Dirty Pretty Things

Poster for Dirty Pretty Things

Winter 2004 Main series

Sunday, February 8, 2004 at 4:00pm
Sunday, February 8, 2004 at 7:00pm
Monday, February 9, 2004 at 7:00pm

Empire Theatres, New Minas, NS

Directed by


Rated 14A · 1h 47m
United Kingdom

Stephen Frears (Liam), the director of such modern classics as The Grifters and Dangerous Liaisons, returns with the provocative and utterly gripping film Dirty Pretty Things, a part of the Masters Programme at the 2002 Toronto International Film Festival. Working in a gritty, unadorned style, Frears (who won the Sergio Trasatti Award for Best Director at the 2002 Venice Film Festival for the film) explores contemporary London entirely through the eyes of a “non-WASP” subculture peopled by Turks, Chinese, Nigerians, Spaniards – all of whom are working in service jobs on the margins of English society. Chiwetel Ejiofor, who served notice of great things in Amistad, and Audrey Tautou, adored by audiences in Amélie, play illegal immigrants Okwe and Senay who live in an unstable netherworld of stalking immigrant officials and under-the-table paying jobs. Okwe is a Nigerian who has two jobs and seems to get no sleep: by day he drives a taxi, at night he is a porter in a hotel. Okwe is kind and sensitive, an angel of a man with a mysterious past. When a persistent immigration official begins to track him, Okwe is forced to quickly relocate and ends up living on a couch in the dingy apartment of Senay, a shy and beautiful hotel chambermaid. One night at the hotel, he unwittingly stumbles across a bizarre event that leads him to suspect that human organs are being traded by people desperate for money and passports. With no way to report this shocking discovery without revealing their illegal status, Okwe and Senay find themselves drawn into a terrifying underworld. Combining Frears’ deeply rooted compassion for the downtrodden with an almost Hitchcockian style of horror and suspense, Dirty Pretty Things captures as a revealing social document and grips as a shocking tale of spiraling intrigue.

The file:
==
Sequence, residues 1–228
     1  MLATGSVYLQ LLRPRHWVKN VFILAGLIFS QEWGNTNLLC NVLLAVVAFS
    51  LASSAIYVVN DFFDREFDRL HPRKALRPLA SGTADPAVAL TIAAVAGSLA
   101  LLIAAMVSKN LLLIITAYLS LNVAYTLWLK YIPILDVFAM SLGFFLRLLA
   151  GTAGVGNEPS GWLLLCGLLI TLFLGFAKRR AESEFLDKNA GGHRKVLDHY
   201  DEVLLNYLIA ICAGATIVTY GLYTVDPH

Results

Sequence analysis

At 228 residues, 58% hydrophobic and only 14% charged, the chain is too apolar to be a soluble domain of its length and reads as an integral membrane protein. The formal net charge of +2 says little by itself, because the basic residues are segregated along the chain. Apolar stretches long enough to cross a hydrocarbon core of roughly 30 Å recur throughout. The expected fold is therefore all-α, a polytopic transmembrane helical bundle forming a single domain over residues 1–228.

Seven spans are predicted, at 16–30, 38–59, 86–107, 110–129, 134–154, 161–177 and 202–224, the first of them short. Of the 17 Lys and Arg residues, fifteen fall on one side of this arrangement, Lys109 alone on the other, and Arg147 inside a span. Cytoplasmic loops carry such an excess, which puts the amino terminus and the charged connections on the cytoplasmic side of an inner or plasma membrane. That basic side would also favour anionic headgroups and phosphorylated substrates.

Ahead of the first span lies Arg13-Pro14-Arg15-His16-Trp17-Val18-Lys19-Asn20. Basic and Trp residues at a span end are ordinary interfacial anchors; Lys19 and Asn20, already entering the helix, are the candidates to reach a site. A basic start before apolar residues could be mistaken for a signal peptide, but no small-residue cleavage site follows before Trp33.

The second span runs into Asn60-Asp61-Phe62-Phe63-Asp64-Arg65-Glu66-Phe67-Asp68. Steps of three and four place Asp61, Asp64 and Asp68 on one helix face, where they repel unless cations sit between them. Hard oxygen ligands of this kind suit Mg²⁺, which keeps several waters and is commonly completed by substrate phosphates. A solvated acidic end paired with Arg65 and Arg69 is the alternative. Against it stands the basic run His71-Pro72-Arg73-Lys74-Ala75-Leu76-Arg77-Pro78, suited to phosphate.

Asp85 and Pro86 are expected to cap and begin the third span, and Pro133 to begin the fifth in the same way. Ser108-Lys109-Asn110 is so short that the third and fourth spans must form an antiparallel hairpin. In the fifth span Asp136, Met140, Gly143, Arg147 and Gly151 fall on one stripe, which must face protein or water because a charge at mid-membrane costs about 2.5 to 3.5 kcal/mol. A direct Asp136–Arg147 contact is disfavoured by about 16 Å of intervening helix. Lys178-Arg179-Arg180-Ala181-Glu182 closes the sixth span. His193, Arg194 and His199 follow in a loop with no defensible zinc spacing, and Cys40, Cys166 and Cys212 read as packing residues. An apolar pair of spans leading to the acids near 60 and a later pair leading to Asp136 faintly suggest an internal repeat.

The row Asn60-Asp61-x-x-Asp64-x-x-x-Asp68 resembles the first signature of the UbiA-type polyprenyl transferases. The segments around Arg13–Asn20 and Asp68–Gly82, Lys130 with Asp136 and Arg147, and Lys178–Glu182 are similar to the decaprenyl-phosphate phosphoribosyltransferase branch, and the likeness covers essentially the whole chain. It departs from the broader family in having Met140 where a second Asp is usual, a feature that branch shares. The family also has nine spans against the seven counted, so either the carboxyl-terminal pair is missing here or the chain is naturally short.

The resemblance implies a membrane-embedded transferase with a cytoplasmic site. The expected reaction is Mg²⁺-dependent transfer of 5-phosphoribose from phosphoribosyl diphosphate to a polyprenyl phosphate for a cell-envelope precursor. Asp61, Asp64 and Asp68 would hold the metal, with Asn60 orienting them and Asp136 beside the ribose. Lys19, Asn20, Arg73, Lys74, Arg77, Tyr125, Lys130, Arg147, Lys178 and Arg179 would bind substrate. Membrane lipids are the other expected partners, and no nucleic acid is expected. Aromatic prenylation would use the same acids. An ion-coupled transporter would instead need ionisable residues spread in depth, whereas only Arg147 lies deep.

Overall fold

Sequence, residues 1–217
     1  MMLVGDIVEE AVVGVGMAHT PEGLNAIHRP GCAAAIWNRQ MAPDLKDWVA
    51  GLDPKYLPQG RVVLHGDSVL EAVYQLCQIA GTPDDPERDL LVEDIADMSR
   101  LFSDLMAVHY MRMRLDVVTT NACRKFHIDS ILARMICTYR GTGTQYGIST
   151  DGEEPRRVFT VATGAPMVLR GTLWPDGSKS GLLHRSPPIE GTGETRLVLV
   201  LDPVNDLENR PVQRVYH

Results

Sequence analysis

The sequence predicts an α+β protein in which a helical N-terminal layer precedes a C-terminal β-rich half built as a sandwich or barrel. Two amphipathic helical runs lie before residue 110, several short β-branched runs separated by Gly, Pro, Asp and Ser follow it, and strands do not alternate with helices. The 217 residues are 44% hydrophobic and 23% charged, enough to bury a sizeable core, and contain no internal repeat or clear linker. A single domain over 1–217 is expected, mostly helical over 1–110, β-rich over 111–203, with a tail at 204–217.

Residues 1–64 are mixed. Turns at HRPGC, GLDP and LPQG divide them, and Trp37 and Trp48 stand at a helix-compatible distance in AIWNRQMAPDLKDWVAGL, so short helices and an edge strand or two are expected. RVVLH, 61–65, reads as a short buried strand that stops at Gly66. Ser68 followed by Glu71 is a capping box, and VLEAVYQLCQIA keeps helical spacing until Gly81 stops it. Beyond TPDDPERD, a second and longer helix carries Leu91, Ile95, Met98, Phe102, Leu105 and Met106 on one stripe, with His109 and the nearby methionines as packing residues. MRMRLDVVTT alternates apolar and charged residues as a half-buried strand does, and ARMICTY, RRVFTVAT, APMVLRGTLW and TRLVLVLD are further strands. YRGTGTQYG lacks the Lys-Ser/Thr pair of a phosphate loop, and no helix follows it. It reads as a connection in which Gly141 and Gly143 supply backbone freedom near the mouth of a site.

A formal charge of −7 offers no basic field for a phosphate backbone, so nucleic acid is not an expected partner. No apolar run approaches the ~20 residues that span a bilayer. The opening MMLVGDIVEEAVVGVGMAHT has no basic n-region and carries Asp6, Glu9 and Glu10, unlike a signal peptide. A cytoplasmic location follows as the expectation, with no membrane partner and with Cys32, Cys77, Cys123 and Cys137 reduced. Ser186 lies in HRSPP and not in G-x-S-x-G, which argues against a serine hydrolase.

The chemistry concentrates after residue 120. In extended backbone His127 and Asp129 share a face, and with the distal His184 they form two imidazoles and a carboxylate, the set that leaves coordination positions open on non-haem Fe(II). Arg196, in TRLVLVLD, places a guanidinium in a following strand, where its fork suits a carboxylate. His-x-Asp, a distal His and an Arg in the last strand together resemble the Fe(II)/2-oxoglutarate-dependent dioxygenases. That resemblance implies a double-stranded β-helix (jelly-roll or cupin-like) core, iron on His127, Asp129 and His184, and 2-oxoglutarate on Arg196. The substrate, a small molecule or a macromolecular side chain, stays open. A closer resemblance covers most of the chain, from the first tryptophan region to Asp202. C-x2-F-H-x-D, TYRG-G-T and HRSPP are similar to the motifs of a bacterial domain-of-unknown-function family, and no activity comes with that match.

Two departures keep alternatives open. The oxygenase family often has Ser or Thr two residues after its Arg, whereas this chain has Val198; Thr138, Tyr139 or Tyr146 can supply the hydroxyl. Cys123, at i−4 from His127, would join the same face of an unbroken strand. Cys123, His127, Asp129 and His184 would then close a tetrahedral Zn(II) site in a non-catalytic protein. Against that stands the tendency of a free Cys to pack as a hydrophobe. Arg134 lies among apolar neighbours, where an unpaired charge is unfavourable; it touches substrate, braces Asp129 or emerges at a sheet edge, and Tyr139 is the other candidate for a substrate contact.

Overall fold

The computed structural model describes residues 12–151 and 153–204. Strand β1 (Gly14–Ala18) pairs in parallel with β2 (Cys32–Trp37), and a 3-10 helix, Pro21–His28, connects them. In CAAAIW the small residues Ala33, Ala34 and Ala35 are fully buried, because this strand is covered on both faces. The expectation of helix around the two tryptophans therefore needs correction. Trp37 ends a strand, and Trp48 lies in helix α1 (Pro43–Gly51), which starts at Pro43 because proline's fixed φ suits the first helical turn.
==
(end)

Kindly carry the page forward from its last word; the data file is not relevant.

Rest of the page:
“Half love story, half horror story, it’s like an urban legend with a conscience.” – Eleanor Ringel Gillespie, The Atlanta Journal-Constitution

“Throughout his career, Frears has taken chances, and only on rare occasions has he missed the mark. Dirty Pretty Things is right on target.” – James Berardinelli, Reelviews

“An odd hybrid – part thriller, part social commentary, part quirky comedy – that adds up to something that’s entertaining, enlightening and highly original.” – Michael Rechtshaffen, Hollywood Reporter

“Frears’ vision of London’s invisible work force is never less than captivating and warmly sympathetic, and Ejiofor’s performance is a portrait of exhausted dignity that will stick with you for years.” – Andrew O’Hehir, Salon.com